“The first time I tore my ACL the uncertainty was like ‘Wow am I going to be able to wrestle the same, am I going to be able to wrestle again, how am I going to feel once I’m cleared, how long am I going to be out for?’ Seven months is a long time,” Smith said.

This injury put him out for the remainder of that summer and half of his junior year as Howell and his coaching staff tried to keep Smith out as long as possible so that his ACL could heal properly.

Photo courtesy of Jaron Smith

While recovering Smith would practice as much as he could with the team, but he had to be very careful about which exercises he participated in. Once he was back on the mat, Smith had just two weeks of competition before he won a Maryland state championship his junior year.

Smith went on to win another Maryland state championship his senior year. Though he and Howell took a different training approach than before.

“He fought back so hard and it was all worth it, and he went right into training and working for his senior year state championship,” Howell said. “But this time there was more focus on recognizing fatigue and training around that.”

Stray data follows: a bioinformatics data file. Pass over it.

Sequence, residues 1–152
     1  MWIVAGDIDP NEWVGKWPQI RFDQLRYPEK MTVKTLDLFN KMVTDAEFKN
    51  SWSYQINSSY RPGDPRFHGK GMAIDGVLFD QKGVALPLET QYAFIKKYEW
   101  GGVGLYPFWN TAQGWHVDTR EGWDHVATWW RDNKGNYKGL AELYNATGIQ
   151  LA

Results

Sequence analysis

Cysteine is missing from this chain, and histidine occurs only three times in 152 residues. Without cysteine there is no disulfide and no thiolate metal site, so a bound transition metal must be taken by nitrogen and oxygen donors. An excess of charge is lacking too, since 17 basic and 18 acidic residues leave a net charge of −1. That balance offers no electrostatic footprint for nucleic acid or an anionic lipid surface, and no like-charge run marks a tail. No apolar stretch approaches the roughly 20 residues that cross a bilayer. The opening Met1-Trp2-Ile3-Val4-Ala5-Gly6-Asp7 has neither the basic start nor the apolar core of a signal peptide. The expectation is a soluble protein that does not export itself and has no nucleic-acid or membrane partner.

While some coaches may have expressed hesitation, former Maryland head coach Kerry McCoy wasn’t worried about Smith’s prior injury while recruiting him in his senior year.

“He had just gotten over surgery, he had come back really quick and just jumped right back into wrestling,” McCoy told Testudo Times. “He didn’t milk it, he wanted to get right back to work. He had drive and determination.”

Smith’s collegiate wrestling career had an average start as he put together an overall record of 9-13 and a dual meet record of 5-7. He didn’t have any injuries that season — he would not be so lucky his sophomore year.

At his first tournament his sophomore year, Smith’s suffered a torn ligament in his thumb while competing. Although he knew his thumb was severely injured, he finished out the tournament 4-1, taking second place at the Southeast Open in the freshman/sophomore bracket at 184-pounds.